### 1. Introduction

- Top of page
- Abstract
- 1. Introduction
- 2. Scheduling
- 3. Routing
- 4. Logic
- 5. Partitioning
- 6. Location and layout
- 7. Graph theoretic applications
- 8. Quadratic and other assignment problems
- 9. Manufacturing
- 10. Transportation
- 11. Telecommunications
- 12. Biology
- 13. Automatic drawing
- 14. Electrical power systems
- 15. VLSI design
- 16. Miscellaneous applications

Optimization problems that involve a large finite number of alternatives often arise in the private and public sectors of the economy. In these problems, given a finite solution set *X* and a real-valued function , one seeks a solution *x*^{*}∈*X* with *f*(*x*^{*})*f*(*x*), ∀*x*∈*X*. Common examples include designing efficient telecommunication networks, constructing cost-effective airline crew schedules, and producing efficient routes for waste management pickup. To find the optimal solution in a combinatorial optimization problem, it is theoretically possible to enumerate the solutions and evaluate each with respect to the stated objective. However, in practice, it is often infeasible to follow such a strategy of complete enumeration because the number of combinations often grows exponentially with the size of problem.

Much work has been done over the last six decades to develop optimal seeking methods that do not explicitly require an examination of each alternative. This research has given rise to the field of *combinatorial optimization* (see Papadimitriou and Steiglitz, 1982), and an increasing capability to solve ever larger real-world problems. Nevertheless, most problems found in industry and government are either computationally intractable by their nature, or sufficiently large so as to preclude the use of exact algorithms. In such cases, heuristic methods are usually employed to find good, but not necessarily guaranteed optimal, solutions. The effectiveness of these methods depends upon their ability to adapt to a particular realization, avoid entrapment at local optima, and exploit the basic structure of the problem. Building on these notions, various heuristic search techniques have been developed that have demonstrably improved our ability to obtain good solutions to difficult combinatorial optimization problems. The most promising of such techniques include simulated annealing (Kirkpatrick, 1984), tabu search (Glover, 1989, 1990; Glover and Laguna, 1997), genetic algorithms (Goldberg, 1989), variable neighborhood search (VNS) (Hansen and Mladenović, 1998), and greedy randomized adaptive search procedures (GRASP) (Feo and Resende, 1989, 1995).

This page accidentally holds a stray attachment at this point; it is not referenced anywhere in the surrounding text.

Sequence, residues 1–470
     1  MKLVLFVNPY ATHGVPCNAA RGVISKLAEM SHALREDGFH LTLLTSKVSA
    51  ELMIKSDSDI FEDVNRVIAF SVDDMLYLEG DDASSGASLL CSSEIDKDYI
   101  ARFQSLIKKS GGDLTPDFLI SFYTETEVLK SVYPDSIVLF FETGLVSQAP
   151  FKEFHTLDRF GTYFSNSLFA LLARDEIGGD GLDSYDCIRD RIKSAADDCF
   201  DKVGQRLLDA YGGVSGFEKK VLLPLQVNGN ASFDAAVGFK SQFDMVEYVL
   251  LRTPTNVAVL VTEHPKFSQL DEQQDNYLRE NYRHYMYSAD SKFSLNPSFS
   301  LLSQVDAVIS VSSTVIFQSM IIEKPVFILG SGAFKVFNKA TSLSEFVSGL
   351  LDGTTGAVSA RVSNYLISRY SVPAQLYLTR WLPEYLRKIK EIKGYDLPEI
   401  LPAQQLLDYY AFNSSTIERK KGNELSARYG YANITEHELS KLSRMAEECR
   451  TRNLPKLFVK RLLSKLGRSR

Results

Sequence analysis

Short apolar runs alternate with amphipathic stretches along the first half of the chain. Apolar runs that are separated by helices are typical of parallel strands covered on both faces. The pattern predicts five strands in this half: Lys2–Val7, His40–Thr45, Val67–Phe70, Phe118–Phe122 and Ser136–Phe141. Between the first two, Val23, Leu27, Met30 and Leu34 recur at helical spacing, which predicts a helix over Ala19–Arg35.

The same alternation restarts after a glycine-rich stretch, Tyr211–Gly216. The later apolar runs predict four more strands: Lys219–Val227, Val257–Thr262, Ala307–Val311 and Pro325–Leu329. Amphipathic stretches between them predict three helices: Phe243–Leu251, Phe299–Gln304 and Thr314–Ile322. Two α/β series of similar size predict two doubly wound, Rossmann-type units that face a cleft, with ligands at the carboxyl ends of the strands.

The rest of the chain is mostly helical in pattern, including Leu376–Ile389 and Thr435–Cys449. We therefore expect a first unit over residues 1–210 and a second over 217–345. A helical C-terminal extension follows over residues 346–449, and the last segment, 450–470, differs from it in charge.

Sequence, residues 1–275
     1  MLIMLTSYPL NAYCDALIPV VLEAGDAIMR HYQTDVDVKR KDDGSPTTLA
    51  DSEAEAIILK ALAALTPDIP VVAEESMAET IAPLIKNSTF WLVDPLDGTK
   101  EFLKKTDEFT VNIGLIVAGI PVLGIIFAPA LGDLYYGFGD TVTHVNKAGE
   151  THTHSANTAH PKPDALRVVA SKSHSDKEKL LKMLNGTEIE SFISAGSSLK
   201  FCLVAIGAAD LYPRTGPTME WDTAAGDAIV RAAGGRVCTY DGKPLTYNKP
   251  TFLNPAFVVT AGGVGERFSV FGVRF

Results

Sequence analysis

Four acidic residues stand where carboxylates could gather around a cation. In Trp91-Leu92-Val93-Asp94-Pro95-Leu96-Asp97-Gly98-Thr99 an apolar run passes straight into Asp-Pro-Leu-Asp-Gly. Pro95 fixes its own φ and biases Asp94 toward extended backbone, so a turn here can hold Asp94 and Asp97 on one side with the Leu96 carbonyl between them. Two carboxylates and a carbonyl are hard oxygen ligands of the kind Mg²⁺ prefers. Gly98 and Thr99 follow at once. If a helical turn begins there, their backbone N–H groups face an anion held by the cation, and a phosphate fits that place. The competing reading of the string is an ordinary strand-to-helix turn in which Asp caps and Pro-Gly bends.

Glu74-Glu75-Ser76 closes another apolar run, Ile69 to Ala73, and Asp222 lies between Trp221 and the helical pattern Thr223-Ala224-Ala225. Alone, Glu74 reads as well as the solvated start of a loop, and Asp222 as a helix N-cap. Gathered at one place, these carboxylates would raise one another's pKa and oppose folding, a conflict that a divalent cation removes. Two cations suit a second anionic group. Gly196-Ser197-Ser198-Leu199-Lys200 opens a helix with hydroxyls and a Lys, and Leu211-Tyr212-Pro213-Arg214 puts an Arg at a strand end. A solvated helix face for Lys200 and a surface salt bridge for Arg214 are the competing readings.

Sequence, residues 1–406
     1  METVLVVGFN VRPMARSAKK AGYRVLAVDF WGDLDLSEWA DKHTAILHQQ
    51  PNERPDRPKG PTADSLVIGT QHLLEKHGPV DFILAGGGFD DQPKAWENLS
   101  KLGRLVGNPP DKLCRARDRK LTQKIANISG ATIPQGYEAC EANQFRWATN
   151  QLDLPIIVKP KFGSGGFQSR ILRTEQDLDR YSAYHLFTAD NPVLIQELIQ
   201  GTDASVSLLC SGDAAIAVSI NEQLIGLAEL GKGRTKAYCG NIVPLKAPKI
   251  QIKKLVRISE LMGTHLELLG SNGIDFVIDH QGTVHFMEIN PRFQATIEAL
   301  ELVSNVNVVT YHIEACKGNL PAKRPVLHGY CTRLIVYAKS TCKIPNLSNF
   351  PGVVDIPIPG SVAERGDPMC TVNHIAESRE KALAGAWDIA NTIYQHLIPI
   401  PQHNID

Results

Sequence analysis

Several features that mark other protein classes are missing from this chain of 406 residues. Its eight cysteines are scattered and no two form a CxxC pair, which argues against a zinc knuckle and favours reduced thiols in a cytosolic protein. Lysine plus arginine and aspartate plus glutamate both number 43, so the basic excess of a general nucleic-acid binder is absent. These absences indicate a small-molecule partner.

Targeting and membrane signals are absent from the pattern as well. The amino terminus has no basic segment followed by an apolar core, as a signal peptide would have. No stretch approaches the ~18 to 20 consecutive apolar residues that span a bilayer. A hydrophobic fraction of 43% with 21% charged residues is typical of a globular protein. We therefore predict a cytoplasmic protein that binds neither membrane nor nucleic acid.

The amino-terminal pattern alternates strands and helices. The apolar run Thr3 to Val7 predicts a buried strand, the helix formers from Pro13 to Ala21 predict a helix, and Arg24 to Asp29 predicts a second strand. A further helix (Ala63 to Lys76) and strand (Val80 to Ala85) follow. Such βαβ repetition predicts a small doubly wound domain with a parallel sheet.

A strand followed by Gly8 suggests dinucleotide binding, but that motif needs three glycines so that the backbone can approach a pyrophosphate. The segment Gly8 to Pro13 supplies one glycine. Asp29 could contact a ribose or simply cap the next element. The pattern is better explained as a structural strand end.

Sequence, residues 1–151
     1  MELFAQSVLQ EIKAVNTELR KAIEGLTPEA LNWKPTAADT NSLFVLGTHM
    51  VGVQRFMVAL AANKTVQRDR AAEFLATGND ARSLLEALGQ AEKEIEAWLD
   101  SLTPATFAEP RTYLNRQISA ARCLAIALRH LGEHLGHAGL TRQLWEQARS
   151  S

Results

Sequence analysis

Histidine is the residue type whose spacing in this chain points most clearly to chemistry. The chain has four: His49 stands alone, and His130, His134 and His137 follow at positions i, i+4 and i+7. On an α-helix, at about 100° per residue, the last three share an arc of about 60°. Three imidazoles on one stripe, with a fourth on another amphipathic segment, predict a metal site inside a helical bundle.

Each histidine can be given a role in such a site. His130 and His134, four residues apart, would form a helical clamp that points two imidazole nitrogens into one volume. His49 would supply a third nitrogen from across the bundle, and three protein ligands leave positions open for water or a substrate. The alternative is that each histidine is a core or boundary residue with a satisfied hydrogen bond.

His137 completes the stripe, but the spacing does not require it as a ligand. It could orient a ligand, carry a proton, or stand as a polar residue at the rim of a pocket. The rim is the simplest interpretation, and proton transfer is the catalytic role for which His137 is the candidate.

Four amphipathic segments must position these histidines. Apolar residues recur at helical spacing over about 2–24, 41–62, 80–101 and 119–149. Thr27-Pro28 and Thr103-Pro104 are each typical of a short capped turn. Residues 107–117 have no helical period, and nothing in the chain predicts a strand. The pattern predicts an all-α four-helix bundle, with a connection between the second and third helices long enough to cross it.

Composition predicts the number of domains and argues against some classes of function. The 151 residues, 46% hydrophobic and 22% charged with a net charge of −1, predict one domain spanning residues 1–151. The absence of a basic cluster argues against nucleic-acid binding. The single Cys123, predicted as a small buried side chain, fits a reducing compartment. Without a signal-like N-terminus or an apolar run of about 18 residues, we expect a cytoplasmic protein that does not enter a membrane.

A GRASP is a multi-start or iterative process (Lin and Kernighan, 1973), in which each GRASP iteration consists of two phases, a construction phase, in which a feasible solution is produced, and a local search phase, in which a local optimum in the neighborhood of the constructed solution is sought. The best overall solution is kept as the result.

An especially appealing characteristic of GRASP is the ease with which it can be implemented. Few parameters need to be set and tuned, and therefore development can focus on implementing efficient data structures to assure quick GRASP iterations.

This paper is the second of two. In both papers, we provide annotated bibliographies of the GRASP literature up to mid 2008. The papers contain references related to GRASP that have either appeared in the literature or as theses. In this paper, we review the literature of operations research and computer science applications of GRASP as well as industrial applications. We cover applications in scheduling, routing, logic, partitioning, location, graph theory, assignment, manufacturing, transportation, telecommunications, biology and related fields, automatic drawing, power systems, and VLSI design. The paper concludes with a section on miscellaneous topics.

In the companion paper (Festa and Resende, 2008), we first look at tutorials and surveys. Papers that propose enhancements to the basic heuristic are considered next. Following that, we examine GRASP as a component of a hybrid metaheuristic. Parallelization of GRASP and GRASP source code follow.

Papadimitriou, C.H., Steiglitz, K., 1982. *Combinatorial optimization: Algorithms and complexity*. Prentice-Hall, Englewood Cliffs, NJ. A classic book on combinatorial optimization.

Kirkpatrick, S., 1984. Optimization by simulated annealing: quantitative studies. *Journal of Statistical Physics* 34, 975–986.

Description of the simulated annealing metaheuristic.

Glover, F., 1989. Tabu search – Part I. *ORSA Journal on Computing* 1, 190–206.

Description of the tabu search metaheuristic.

Glover, F., 1990. Tabu search – Part II. *ORSA Journal on Computing* 2, 4–32.

Description of the tabu search metaheuristic.

Glover, F., Laguna, M., 1997. *Tabu Search*. Kluwer Academic Publishers, Dordrecht.

Book on metaheuristics and in particular tabu search.

Goldberg, D.E., 1989. *Genetic Algorithms in Search, Optimization and Machine Learning*.

Addison-Wesley, Reading, MA.

Book on genetic algorithms.